Why those two? The sheer majesty of the writing. Mary Renault can say more in one or two words than most writers can on a whole page and Michael Innes can’t half produce a devious murder plot. I regularly reread both books so they’d be such a comfort.
I think that’s cheating Charlie, but I’ll let it go! Many thanks for taking part.
The Deadliest Fall Blurb
Some truths can’t be left buried.
The second world war may be over, but for Leslie Cadmore the scars remain. His beloved dog died, there’s a rift between him and his lover Patrick, and his father inexplicably abandoned the family for life in a monastery. Fate’s been cruel.
A chance meeting with Patrick’s sister stirs old memories, and Leslie starts to dig into both his father’s motives and long-unanswered questions around the death of Fergus Jackson. The worst of a group of disreputable pre-war friends, Fergus was a manipulative rake who allegedly fell on his own knife in a training accident. An accident for which Patrick was apparently the only witness.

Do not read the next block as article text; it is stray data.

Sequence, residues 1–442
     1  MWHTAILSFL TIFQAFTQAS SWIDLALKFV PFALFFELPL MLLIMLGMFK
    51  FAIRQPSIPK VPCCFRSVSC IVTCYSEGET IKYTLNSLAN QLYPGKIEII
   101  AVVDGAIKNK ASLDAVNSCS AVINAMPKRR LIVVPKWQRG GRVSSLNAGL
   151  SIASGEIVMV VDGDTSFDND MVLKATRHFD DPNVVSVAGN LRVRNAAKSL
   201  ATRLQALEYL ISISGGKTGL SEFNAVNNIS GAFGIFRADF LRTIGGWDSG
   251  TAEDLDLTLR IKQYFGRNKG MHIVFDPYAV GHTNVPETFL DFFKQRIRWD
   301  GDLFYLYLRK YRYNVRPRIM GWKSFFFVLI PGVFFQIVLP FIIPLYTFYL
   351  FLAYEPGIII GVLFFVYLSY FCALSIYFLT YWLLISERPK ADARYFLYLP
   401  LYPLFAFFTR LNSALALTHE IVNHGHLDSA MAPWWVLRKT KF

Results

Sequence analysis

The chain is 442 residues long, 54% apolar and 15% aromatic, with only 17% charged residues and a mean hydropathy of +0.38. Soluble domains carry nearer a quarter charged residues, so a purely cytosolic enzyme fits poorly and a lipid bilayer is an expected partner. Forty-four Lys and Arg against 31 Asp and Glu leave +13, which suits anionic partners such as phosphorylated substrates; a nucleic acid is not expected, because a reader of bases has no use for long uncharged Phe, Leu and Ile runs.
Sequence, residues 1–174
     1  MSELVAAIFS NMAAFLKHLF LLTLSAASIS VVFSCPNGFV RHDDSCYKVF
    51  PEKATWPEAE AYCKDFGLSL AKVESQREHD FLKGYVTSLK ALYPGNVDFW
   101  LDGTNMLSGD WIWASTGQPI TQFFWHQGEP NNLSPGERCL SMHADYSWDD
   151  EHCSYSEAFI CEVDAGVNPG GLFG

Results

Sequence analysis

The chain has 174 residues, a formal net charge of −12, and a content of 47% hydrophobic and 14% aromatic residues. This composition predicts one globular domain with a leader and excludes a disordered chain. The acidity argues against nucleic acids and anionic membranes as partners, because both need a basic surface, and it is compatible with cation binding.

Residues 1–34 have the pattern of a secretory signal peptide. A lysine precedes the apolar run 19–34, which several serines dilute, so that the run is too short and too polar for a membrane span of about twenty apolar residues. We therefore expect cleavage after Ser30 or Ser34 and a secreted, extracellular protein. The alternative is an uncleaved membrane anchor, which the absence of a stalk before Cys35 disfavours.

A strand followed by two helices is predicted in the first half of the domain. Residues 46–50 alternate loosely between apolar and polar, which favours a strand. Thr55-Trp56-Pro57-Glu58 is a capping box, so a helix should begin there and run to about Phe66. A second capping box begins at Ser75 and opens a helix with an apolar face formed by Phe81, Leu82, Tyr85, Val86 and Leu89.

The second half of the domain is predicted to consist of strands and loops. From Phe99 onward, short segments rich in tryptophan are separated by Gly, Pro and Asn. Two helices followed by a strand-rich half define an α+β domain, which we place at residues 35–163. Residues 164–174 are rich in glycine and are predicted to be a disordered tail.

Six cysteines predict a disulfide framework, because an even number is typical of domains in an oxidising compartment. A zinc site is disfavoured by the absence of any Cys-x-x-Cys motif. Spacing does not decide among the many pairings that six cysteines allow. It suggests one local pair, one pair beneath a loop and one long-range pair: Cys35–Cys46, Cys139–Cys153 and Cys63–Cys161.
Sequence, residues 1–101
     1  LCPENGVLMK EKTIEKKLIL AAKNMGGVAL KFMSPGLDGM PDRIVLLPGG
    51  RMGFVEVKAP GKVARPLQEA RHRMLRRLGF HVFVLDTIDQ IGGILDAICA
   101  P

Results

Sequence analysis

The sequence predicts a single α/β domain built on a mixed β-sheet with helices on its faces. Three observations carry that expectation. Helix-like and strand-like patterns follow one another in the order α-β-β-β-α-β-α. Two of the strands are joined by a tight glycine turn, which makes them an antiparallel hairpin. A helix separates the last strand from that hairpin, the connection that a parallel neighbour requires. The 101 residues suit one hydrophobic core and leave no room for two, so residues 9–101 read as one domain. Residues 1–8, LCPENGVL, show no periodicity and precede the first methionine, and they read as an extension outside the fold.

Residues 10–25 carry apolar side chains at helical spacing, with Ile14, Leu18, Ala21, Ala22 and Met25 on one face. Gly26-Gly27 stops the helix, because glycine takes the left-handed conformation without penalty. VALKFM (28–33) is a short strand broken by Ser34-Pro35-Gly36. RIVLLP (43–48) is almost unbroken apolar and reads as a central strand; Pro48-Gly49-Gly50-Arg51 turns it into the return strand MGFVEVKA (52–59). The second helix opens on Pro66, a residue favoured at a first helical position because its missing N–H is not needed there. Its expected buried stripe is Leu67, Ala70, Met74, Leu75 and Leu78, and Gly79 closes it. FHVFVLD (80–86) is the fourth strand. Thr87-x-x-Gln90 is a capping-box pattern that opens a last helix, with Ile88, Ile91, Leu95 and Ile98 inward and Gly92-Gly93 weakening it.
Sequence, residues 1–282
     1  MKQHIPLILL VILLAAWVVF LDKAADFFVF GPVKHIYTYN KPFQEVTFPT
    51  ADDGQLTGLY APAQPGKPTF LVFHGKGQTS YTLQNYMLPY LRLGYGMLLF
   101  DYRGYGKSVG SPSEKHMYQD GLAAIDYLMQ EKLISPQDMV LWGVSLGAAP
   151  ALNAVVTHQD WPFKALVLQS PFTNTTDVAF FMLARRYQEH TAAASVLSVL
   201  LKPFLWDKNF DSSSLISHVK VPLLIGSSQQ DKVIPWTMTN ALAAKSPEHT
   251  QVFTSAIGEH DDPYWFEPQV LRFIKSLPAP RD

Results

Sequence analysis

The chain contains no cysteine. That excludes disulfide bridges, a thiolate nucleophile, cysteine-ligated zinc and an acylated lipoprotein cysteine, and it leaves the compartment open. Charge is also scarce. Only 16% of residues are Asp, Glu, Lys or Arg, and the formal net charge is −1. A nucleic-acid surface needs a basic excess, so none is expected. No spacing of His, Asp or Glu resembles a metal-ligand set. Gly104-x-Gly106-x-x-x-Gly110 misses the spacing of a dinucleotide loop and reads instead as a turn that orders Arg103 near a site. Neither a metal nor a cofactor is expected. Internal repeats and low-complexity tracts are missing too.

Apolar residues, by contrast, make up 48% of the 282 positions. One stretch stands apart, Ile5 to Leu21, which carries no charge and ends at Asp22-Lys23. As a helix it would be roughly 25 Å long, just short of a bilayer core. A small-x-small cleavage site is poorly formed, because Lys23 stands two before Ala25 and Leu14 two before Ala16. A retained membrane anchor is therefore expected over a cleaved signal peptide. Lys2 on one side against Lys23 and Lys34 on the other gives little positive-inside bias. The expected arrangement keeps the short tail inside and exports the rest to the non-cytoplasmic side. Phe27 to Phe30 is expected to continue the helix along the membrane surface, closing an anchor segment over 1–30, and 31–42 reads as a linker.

Leslie’s persuaded to meet Patrick again, and the pair easily fall back into their old dynamic. They uncover connection after surprising connection between their hedonistic old friends and not only Fergus’s murder, but Mr. Cadmore’s abrupt departure. As their investigation deepens, Leslie and Patrick’s bond deepens too. But no reconciliation can occur until Leslie knows for sure that his erstwhile lover wasn’t Fergus’s killer.
Pre-order link: https://www.amazon.co.uk/dp/B0C5W5VB4Y/
Because Charlie Cochrane couldn’t be trusted to do anything grown up, she writes cosy mysteries. These include the Edwardian era Cambridge Fellows series, the contemporary Lindenshaw Mysteries and her 1950s Alasdair and Toby series where two actors play Holmes and Watson both onscreen and off.
Charlie is a member of the Crime Writers’ Association, Mystery People and International Thriller Writers Inc, and has regularly appeared at literary festivals, reader conventions and author conferences.